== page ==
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CHAPTER 7 LOSSES - DEDUCTIONS AND LIMITATIONS DISCUSSION QUESTIONS

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CHAPTER 7 LOSSES - DEDUCTIONS AND LIMITATIONS DISCUSSION QUESTIONS

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    CHAPTER 7

    LOSSES - DEDUCTIONS AND LIMITATIONS

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DISCUSSION QUESTIONS

     1. How are deductions and losses different? How are they similar? Explain.

     Differences - The main difference is that most deductions are for current expenditures

    and amortization of capital expenditures, whereas losses result from either an excess of

    deductions over income (annual loss) or an excess of basis over the amount realized on

    the disposition of an asset (transaction loss).

     Similarities - Both deductions and losses represent amounts invested to produce

    income and are reductions in taxable income under the ability-to-pay concept. In

    addition, the general approach to the deductibility of losses is similar to the approach

    taken for deductions. That is, tax relief is the result of legislative grace and any

    deductions allowed must be specified in the tax law. The categorization of losses by

    those incurred in a trade or business, production of income losses, and personal use

    losses is identical to the approach for deductions. The limitation on losses is similar to

    the limitations placed on deductions within each category.

     2. Discuss the basic differences between annual losses and transaction losses.

     Annual losses result from an excess of deductions over income for a single accounting

    period. Thus, they represent the effect of all the transactions affecting an entity during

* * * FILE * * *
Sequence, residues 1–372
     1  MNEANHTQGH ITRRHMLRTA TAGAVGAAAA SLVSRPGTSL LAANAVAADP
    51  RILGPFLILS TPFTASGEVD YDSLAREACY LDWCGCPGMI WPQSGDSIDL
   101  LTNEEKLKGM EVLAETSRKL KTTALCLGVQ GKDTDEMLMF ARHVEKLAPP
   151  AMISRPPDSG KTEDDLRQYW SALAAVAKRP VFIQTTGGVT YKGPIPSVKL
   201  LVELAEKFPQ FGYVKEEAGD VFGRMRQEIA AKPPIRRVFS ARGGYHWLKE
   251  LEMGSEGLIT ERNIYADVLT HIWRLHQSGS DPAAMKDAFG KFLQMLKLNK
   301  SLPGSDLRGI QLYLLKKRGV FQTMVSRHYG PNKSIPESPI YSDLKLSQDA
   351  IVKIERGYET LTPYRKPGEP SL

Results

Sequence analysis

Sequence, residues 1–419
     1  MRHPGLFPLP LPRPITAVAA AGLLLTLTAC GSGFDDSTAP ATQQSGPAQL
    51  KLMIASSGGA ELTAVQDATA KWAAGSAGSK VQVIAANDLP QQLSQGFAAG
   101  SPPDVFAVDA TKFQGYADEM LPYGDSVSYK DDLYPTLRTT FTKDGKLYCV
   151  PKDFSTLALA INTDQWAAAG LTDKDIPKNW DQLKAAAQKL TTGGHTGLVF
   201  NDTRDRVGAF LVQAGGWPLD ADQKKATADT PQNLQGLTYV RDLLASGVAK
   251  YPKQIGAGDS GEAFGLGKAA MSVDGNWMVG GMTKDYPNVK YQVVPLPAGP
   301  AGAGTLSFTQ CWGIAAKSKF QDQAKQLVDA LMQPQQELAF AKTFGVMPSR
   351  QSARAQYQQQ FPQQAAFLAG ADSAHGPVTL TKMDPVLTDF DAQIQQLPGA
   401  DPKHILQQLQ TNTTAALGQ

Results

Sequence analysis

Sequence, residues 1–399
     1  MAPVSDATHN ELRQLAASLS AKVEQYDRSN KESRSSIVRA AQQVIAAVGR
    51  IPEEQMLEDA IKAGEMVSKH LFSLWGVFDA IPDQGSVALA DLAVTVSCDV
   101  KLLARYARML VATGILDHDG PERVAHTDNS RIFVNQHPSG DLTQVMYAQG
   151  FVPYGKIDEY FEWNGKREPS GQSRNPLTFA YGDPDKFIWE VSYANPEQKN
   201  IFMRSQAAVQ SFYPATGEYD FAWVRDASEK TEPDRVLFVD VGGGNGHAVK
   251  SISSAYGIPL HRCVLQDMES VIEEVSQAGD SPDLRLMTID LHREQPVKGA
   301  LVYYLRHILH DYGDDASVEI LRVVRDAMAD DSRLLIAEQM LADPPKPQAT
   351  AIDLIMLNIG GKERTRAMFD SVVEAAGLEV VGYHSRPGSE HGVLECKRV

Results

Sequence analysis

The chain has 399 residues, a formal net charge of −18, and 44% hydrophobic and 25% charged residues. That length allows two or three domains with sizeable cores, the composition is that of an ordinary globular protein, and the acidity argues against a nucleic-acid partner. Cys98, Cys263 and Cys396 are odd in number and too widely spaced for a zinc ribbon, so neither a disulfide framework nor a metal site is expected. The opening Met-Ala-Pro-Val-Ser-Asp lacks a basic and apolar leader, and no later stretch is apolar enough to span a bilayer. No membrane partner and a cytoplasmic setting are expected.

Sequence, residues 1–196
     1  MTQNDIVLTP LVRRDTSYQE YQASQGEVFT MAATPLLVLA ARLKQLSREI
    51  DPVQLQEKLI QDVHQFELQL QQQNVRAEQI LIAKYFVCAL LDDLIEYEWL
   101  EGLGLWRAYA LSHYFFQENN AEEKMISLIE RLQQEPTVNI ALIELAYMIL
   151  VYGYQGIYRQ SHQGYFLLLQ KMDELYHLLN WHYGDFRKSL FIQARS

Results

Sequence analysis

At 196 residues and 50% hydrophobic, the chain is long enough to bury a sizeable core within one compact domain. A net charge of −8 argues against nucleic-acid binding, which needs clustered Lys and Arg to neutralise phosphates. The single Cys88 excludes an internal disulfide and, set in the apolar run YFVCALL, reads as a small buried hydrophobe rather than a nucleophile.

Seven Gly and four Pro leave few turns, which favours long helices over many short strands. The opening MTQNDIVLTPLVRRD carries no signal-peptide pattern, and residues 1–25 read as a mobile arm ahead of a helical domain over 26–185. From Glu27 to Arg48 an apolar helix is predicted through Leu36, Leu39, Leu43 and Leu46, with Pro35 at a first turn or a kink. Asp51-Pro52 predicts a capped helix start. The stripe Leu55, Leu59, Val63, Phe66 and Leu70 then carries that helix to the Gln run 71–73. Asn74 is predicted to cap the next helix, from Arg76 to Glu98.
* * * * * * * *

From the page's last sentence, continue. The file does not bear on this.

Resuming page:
the accounting period.

     Transaction losses result when the amount realized from a sale or other disposition of

    property is less than the basis of the property. That is, a transaction loss represents an

    incomplete capital recovery on a single transaction by an entity.

5. How is a taxpayer's amount at risk in an activity different from the taxpayer's basis in the same

    activity? What purpose does the amount at risk serve in regard to losses?

    The amount at risk is the amount that the taxpayer stands to lose if the activity should

    fail. Therefore, it represents any amounts invested in the activity that have not yet been

    recovered, as well as any liabilities the taxpayer has to pay should the activity be unable

    to pay the liabilities.

    The amount at risk in an activity is very similar to the basis in the activity. That is, the

    at-risk amount is adjusted in the same manner as basis for additional capital

    investments, the share of income (loss) from the activity and any withdrawals or other

    capital recoveries which the taxpayer receives from the activity. The primary difference

    between the at risk amount and basis is the treatment of nonrecourse debt used to

    finance real estate in the activity. Because the taxpayer is not liable for nonrecourse

    debt, it is not added to basis. However, the tax law allows nonrecourse debt used to

    finance real estate to increase the amount at risk in an activity if the borrowing is made

    on reasonable commercial terms.

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     Chapter 7: Losses - Deductions and Limitations 7-12

     The purpose of the at risk rules is to limit loss deductions to an amount that the taxpayer

    actually stands to lose should the activity fail. Therefore, the taxpayer can only deduct

    losses from an activity to the extent she or he is at risk.

7. What is the purpose of the passive loss rules?

     The basic intention of the passive loss rules is to disallow the deduction of losses from

    passive activities against other forms of income. That is, a passive loss cannot be

    deducted against earned income or portfolio income of the taxpayer.

20. Marlene opens an outdoor sports complex that features batting cages, minature

    golf, and a driving range. She invests $100,000 of her own money and borrows

    $750,000 from her bank. She uses $475,000 of the loan proceeds to acquire